18 December 2008

Cow Taxes

The New York Times greenblog says:
The comment period for the Environmental Protection Agency’s exploration of greenhouse gas regulation ended last Friday, with farmers lobbying furiously against the notion of a “cow tax” on methane, a potent greenhouse gas emitted by livestock. The New York Farm Bureau issued a statement last week saying it feared that a tax could reach $175 per cow, $87.50 per head of beef cattle and upward of $20 for each hog.

[snip]

The hysteria may be premature, however. The E.P.A. indeed issued an “advanced notice of proposed rulemaking” this summer that called for public comments on the idea of regulating greenhouse gas emissions from cars, as well as “stationary sources” — which, yes, would include cows and other livestock.
Meanwhile, California's plan to cut emissions advances with the following steps to cut greenhouse gases to 1990 levels by 2020 (a 30 percent reduction from today's levels):
  • Put 85 percent of greenhouse gas-emitting industries into a cap-and-trade program.
  • Require utilities to produce 33 percent of their energy from renewable sources.
  • Increase efficiency standards for new and existing buildings.
  • Discourage urban sprawl by building housing near transit hubs.
  • Lower methane levels in landfills and encourage high levels of recycling and zero trash in landfills.
Wait -- they left off the cows!

Bottom Line: A reduction in carbon emissions will be painful in the short run (next 20-30 years) but potentially beneficial in the long run (30+ years) if reductions avoid "bads" that would happen without them. (Kind of annoying, not knowing how things are going to work out, eh?)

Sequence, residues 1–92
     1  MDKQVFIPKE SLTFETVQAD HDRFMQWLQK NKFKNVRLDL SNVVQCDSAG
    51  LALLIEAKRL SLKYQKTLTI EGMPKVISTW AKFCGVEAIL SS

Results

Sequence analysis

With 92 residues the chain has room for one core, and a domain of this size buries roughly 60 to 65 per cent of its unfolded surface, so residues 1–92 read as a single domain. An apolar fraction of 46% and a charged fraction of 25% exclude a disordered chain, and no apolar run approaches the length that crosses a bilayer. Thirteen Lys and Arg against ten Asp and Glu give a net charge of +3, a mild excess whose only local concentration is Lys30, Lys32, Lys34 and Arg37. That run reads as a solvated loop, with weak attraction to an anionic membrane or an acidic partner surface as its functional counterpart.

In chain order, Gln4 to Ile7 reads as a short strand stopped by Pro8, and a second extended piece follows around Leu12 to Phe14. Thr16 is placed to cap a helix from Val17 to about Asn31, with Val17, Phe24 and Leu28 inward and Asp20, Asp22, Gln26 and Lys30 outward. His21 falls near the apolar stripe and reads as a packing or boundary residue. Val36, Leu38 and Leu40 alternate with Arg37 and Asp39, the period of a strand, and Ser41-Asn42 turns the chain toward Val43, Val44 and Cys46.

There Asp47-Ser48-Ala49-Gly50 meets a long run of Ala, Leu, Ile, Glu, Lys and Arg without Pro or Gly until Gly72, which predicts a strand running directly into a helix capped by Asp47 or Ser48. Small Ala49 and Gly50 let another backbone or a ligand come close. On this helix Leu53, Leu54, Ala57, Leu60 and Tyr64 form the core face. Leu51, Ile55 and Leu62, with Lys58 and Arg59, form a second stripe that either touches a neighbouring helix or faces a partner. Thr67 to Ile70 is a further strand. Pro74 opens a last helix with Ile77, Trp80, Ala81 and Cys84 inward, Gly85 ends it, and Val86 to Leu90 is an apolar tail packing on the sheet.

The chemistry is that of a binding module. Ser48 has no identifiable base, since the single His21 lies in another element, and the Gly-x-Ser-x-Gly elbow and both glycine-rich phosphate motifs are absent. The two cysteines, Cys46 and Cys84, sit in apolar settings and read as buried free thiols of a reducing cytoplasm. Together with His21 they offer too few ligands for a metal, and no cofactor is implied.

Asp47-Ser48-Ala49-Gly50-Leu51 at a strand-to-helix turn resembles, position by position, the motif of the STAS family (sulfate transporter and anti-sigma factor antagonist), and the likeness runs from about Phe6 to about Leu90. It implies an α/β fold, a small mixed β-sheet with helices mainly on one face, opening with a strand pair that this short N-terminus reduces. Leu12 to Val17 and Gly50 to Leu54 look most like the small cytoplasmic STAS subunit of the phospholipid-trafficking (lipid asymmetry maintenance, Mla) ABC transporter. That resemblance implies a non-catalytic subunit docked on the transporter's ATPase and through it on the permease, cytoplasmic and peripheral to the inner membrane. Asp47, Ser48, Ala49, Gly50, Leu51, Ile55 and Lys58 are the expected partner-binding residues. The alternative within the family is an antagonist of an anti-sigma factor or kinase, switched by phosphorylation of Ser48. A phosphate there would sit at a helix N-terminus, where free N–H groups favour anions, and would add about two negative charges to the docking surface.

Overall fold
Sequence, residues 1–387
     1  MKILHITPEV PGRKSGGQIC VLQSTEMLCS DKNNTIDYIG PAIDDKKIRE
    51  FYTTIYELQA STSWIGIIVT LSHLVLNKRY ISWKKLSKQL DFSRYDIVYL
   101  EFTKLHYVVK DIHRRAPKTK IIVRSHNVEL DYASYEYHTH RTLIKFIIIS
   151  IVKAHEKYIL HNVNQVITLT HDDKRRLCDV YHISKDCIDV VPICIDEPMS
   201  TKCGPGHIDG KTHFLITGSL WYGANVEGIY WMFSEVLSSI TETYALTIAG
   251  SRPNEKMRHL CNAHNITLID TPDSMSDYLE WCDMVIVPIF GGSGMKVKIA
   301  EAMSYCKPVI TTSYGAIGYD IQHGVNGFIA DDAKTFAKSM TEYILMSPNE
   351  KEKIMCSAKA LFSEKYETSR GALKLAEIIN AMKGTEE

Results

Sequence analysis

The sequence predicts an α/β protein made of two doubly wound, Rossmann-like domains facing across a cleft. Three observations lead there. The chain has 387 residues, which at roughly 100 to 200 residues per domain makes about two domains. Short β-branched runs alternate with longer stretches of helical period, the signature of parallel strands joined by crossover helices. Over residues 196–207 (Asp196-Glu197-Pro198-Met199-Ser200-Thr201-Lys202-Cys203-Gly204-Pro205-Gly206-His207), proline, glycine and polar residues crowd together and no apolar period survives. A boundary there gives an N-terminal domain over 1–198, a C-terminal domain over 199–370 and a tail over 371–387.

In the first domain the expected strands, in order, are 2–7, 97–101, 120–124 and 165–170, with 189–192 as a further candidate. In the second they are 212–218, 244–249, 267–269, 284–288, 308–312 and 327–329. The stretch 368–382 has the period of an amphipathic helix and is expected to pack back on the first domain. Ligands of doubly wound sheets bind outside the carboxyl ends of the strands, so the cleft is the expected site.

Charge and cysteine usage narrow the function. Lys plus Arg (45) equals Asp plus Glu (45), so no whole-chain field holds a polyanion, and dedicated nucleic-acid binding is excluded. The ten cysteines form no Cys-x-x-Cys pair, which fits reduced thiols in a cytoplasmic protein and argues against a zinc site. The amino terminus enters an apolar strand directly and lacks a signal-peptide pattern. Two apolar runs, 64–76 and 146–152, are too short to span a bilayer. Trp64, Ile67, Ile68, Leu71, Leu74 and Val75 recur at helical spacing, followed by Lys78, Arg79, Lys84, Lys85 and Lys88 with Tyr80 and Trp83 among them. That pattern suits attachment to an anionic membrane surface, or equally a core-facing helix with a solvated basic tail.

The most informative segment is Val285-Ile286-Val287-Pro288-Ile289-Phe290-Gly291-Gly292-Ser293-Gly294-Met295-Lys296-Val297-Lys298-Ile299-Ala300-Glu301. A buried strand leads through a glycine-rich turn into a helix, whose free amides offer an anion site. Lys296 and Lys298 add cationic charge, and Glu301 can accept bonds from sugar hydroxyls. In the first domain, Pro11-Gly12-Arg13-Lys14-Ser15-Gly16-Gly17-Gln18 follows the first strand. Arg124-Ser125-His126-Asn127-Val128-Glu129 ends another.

4 comments:

  1. For a variety of reasons, the CAA is the wrong mechanism for regulating GHG's. I think we should be regulating them, but the CAA is not the authority that should be used.

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  2. You don't like the Clean Air Act as a means of regulation? While I agree that it's a slight stretch to use the CAA to regulate something that doesn't make the air "dirty", I disagree.
    1) It's the AIR that's got the GHGs in them AND the process that puts GHGs in the air is similar to the process that puts other nasties in the air.

    2) What other way/law/agency could/should regulate GHGs? Dept of Energy? They LOVE burning fuel/ Dept of Ag? They LOVE ethanol and other destructive ways of getting $$ to farmers (lobbyists, really...)

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  3. No, no, I was too brief. I think we SHOULD reduce GHGs and that it will likely have to come from gvt policy. What I think is a bad idea is to (de facto) make CO2 a criteria pollutant like NOx, SOx, PB, O3, CO, and PM. It just fit. Because CO2 is well mixed (unlike the criteria pollutants currently listed) you'd either have all the U.S. in attainment or out of attainment. Moreover, background concentrations would higher than your ambient standard. That would make a standard odd. Our standard alone would never decrease the abient concetration.

    It really needs to happen by another mechanism, thats all I was saying.

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  4. Anon -- please retype your commnet to make it clearer. (I don't understand and, yes, I *did* have my coffee.)

    Also please tell me which agency/regulatory method is better than EPA/CAA.

    ReplyDelete

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